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The Minnesota Daily

Serving the UMN community since 1900

The Minnesota Daily

Serving the UMN community since 1900

The Minnesota Daily

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Expand emergency contraception access

As I close out medical charts for the day, I am reminded of the number of teens for whom I diagnosed pregnancy. Unfortunately, this diagnosis is not an uncommon one. In this context, the majority of youth are surprised, and all are scared. Each time I make the diagnosis, I revisit the question, “Was everything done that could have been to prevent this outcome?”

Right now, sexually active Minnesota teens remain at risk for an unplanned pregnancy in the current restrictive environment for access to emergency contraception.

For many, the idea of teens being sexually active is a difficult reality to face, and the concept of providing access to EC seems counterintuitive. However, regardless of individual preferences, if we can agree that having a baby as a teen before developmentally ready is not the goal, then perhaps we can agree we should be doing everything we can to prevent its occurrence.

Minnesota teens are having sex. According to Teenwise Minnesota, almost 20 percent of ninth graders and half of high school seniors are currently sexually active. Sex among teens is often spontaneous and absent of a context for consistent use of long-term hormonal birth control. Thus, Minnesota teens are at substantial risk for unplanned pregnancy, its associated health risks and socioeconomic consequences.

Teenwise Minnesota reports that three to four adolescents, 17 years of age and younger, gave birth each day in 2009. The National Campaign to Prevent Teen and Unplanned Pregnancy has broken down the costs of teen childbearing for Minnesota. According to their estimates, Minnesota spent $173 million related to teen childbearing in 2008. This included costs associated with the incarceration of the children of teen moms, lost tax revenue from declining earnings and spending of teen moms, public health care and child welfare.

Emergency contraception can prevent pregnancy when taken within a short window of time — up to five days — after unprotected sex. Plan B has been found to be a safe, effective and acceptable EC method among teens. It is currently approved by the Food and Drug Administration for purchase from pharmacies without a prescription by all individuals 17 years and older. However, misconceptions about its safety have been further fueled by the December decision of the Secretary of Health and Human Services to overrule the FDA recommendation to expand pharmacy access to Plan B without provider prescription. Given stalled action at the federal level, Minnesota legislators have an opportunity to facilitate teen access to an additional guard against unplanned pregnancy, licensed pharmacy provision of Plan B without requirement of a prescription for teens ages 14 to 16 years, via a state-approved EC protocol.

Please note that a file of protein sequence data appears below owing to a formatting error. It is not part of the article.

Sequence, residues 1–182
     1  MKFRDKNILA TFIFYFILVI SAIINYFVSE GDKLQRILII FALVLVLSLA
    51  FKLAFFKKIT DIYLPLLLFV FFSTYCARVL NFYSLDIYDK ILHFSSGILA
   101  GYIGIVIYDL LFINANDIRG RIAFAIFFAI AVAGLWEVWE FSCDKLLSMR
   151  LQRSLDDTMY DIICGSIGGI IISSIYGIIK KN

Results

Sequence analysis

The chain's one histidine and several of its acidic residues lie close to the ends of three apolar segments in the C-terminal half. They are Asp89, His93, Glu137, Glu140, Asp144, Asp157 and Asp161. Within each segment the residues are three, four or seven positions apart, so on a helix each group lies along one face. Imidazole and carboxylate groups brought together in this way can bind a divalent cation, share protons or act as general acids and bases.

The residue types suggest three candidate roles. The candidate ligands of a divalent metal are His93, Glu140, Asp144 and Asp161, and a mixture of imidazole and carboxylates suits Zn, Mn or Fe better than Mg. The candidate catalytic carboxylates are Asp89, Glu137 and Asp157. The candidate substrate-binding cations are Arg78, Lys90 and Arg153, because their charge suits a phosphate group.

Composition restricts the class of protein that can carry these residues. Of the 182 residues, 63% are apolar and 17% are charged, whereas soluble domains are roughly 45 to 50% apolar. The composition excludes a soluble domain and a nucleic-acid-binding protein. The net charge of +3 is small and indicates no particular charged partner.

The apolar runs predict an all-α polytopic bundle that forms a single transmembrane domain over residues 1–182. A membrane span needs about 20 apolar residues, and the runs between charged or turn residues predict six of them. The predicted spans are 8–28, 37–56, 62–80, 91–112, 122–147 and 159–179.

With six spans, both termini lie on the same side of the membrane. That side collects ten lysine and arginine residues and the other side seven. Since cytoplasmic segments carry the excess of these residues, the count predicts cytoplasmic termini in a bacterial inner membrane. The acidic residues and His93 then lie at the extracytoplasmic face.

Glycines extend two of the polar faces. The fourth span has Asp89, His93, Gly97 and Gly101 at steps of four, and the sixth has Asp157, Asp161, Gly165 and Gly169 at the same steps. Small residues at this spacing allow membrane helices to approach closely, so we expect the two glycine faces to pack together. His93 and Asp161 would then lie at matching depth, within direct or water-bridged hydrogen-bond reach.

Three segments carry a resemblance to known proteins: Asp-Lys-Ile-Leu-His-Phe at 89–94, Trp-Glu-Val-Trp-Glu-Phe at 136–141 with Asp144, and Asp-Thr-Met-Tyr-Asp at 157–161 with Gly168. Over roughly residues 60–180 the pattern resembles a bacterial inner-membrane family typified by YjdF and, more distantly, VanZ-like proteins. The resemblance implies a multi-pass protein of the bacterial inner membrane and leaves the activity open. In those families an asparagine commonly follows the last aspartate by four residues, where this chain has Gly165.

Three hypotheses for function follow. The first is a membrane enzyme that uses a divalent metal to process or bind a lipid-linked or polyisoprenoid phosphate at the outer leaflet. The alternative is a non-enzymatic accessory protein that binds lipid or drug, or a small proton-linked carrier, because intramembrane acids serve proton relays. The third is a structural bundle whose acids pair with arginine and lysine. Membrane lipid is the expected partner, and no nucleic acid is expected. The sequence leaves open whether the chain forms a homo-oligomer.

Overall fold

A state-approved EC protocol has much to offer teens and the Minnesota public, including protection against unplanned teen pregnancy and the risk of youth assuming a parental role before physical and socio-emotional readiness. It also offers reduced need for abortion services and fiscal savings from costs of public health care, child poverty and poor developmental and behavioral outcomes for children of teen moms. A state-approved protocol has the potential to impact a diverse population of teens and to provide more equitable access to Plan B as a contraceptive method.

According to the Kaiser Family Foundation, three states facilitate expanded access to EC via a state-approved protocol — California, Maine and New Mexico. Minnesota should be the fourth. By developing a protocol for expanded Plan B access for teens 14 to 16 years of age, Minnesota can provide an additional layer of protection against unplanned pregnancy and reduce individual and public costs of negative sexual health outcomes for its young people.

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